Lucroy the Jedi is coming off some monster years and is due for some regression, his power may sink some, but he has a great OBP and should sustain worth if he falls in your draft due to that (monitor his sore hamstring in Spring Training, but he should be good to go) .

Molina must demonstrate health in spring training, but if he does so, should be worth what you’ll pay for him in a mid to late round slot.

 

Late rounds

Russell Martin 371 11.70% 0.241 0.345 0.104
Miguel Montero 393 11.20% 0.254 0.348 0.094

Martin and Montero both have been picked up on the open market, Martin finds himself in hitter friendly Toronto, and Montero in the friendly confines of Wrigley Field in Chicago. Both have excellent walk rates and should produce for what you will need to invest. A full look at OBP-AV in the context of Grey’s top 20 catchers in the last 3 seasons below and until next time, good luck drafting Razzballers.

 

2012-2014 MLB

Name G BB% AVG OBP OB-AV
Carlos Santana 449 15.50% 0.25 0.369 0.119
Buster Posey 443 9.70% 0.314 0.381 0.067
Evan Gattis 213 5.50% 0.253 0.304 0.051
Yan Gomes 266 5.00% 0.275 0.318 0.043
Devin Mesoraco 271 8.40% 0.249 0.32 0.071
Salvador Perez 364 3.80% 0.28 0.31 0.03
Wilin Rosario 344 4.80% 0.277 0.311 0.034
Matt Wieters 318 8.50% 0.248 0.311 0.063
Wilson Ramos 191 5.80% 0.269 0.309 0.04
Jonathan Lucroy 396 8.50% 0.297 0.359 0.062
Yadier Molina 384 6.60% 0.307 0.357 0.05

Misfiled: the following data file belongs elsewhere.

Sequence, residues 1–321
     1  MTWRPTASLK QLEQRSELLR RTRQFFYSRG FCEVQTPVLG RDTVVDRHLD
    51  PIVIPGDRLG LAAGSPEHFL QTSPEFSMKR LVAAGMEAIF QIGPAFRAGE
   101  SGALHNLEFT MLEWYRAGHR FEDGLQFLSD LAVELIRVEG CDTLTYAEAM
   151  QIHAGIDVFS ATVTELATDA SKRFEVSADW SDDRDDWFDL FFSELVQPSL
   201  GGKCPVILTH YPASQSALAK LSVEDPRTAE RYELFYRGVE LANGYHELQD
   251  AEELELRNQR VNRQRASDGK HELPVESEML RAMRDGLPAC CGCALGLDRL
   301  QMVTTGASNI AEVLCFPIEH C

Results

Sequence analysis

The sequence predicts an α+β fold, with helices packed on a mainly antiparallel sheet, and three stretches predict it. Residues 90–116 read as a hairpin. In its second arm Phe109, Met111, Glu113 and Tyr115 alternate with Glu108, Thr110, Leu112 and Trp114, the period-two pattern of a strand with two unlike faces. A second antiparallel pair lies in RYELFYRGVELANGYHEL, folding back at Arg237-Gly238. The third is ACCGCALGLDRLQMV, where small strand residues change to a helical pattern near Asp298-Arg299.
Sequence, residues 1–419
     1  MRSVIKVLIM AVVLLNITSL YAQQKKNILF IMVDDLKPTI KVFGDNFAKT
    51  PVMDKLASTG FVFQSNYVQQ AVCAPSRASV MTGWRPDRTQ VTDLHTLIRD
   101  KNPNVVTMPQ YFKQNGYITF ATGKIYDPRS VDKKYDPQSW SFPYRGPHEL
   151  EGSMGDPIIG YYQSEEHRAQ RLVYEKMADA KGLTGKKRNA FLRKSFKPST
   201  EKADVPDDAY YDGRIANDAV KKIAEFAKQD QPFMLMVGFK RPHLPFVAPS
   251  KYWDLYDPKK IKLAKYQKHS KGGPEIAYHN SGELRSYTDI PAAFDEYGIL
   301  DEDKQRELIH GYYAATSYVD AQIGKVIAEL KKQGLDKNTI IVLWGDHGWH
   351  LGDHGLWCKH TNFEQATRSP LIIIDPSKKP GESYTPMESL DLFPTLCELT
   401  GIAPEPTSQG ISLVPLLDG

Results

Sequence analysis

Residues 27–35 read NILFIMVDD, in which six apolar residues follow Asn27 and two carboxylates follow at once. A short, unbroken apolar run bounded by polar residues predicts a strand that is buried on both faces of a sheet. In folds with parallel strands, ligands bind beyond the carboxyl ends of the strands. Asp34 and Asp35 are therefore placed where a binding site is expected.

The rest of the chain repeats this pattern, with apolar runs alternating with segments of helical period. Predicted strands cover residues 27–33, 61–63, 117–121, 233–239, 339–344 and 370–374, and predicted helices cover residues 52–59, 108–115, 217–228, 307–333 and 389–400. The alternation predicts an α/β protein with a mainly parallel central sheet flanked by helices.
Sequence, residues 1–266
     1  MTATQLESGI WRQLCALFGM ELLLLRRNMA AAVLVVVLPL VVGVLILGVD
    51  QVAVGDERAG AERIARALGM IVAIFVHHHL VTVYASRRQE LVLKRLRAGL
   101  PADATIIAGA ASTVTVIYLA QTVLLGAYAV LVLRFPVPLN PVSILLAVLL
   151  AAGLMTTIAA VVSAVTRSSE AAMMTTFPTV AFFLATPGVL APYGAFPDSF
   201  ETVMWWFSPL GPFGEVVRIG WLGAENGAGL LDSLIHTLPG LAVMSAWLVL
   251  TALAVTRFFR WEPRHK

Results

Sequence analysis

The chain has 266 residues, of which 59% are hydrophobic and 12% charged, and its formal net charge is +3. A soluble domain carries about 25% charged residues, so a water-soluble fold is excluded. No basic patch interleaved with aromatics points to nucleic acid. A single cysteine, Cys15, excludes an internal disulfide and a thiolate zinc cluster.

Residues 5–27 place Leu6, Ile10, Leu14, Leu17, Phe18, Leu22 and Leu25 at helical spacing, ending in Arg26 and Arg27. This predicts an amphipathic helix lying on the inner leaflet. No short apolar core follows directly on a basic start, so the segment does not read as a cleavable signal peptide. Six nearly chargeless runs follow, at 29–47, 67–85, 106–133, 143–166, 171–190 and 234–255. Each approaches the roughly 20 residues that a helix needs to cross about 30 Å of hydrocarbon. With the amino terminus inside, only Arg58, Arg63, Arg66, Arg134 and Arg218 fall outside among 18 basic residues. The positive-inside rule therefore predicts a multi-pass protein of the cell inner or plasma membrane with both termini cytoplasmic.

Travis d’Arnaud 139 8.30% 0.233 0.299 0.066
Mike Zunino 183 4.90% 0.203 0.265 0.062
Yasmani Grandal 216 13.80% 0.245 0.35 0.105
Hank Conger 179 7.40% 0.232 0.299 0.067
Russell Martin 371 11.70% 0.241 0.345 0.104
Miguel Montero 393 11.20% 0.254 0.348 0.094
Robinson Chirinos 106 5.20% 0.234 0.286 0.052
Brian McCann 363 8.10% 0.238 0.305 0.067
Derek Norris 285 11.40% 0.246 0.336 0.09

 

 

 
  1. Wake Up says:
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    Buddy Guy and Junior Wells is some of my favorite blues to listen to…as well as, Lightnin acoustic from TX…and of course, Taj Mahal…

    No need to change from AVG to OBP though, just as I’ve been advocating here for years, IMO
    AVG + OPS is the best option…gives you the true triple slash that everyone references all the time…AVG/OBP/SLG

    Just like you shouldn’t replace W with QS…you should have W + QS…same idea, the truest representation of skill for your league. 6×6 add QS and OPS.